Conventional wisdom says the more connections you have in your professional network, the more successful you will be. When a worker has more connections, it means he or she is more likely to receive information and more likely to be promoted. Decades of research haven’t gone far beyond the “more is better” mantra until now.
New research by Brooks Holtom, associate professor of management at Georgetown’s McDonough School of Business, finds that who you are connected to matters most.
“The degree to which an individual is connected to people with strong, positive reputations means it is less likely for them to leave their current job,” Holtom said. “It is hard to replicate that social network when you move to a new firm. It can be done, but it will take months or years to develop those relationships of trust with people who have strong reputations.”
Together with co-authors Gary A. Ballinger and Rob Cross, both from the University of Virginia, Holtom analyzed the social networks of employees in two different large firms, one a consulting firm and another a technology firm. Then, they waited 18 months to see who stayed and was successful at each firm, and who quit to accept opportunities elsewhere. The researchers found that employees who were more connected to people with strong reputations were more likely to stay. Those who were not as well connected were more likely to quit. As demonstrated by other research Holtom and colleagues have published, this elevated turnover can be very costly for organizations.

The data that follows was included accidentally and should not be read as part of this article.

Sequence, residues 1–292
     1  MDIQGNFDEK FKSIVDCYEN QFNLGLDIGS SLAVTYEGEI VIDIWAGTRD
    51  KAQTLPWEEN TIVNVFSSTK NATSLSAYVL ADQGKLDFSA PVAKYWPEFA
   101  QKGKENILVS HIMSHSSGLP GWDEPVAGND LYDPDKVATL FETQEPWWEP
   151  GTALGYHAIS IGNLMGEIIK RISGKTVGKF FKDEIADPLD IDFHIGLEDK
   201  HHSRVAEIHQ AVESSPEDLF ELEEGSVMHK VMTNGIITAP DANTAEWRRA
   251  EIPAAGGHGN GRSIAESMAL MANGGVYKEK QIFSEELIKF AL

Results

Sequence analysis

Holtom advises companies to regularly evaluate intrafirm social networks, including measures of employees' reputations. While this research demonstrates that people who are well-connected to others and have strong reputations are less likely to leave, when they do leave the losses can be extensive. Not only is the social network disrupted in important ways, but others often follow them, creating a sort of “pied piper” effect.
The authors also argue that employees who have strong reputations and are highly sought after by other colleagues for advice are unusually valuable to organizations. Companies should identify these employees and target their retention efforts on them. Employees at all levels who are sought out by others are highly valuable because of the access to information that they have. Employees who are connected to multiple groups have tremendous value because they bridge structural holes. However, this effect is most pronounced for people in leadership positions. Because of their unique location, they can gain greater advantage by brokering information across groups.
This research was published in the January 2016 issue of the Journal of Applied Psychology.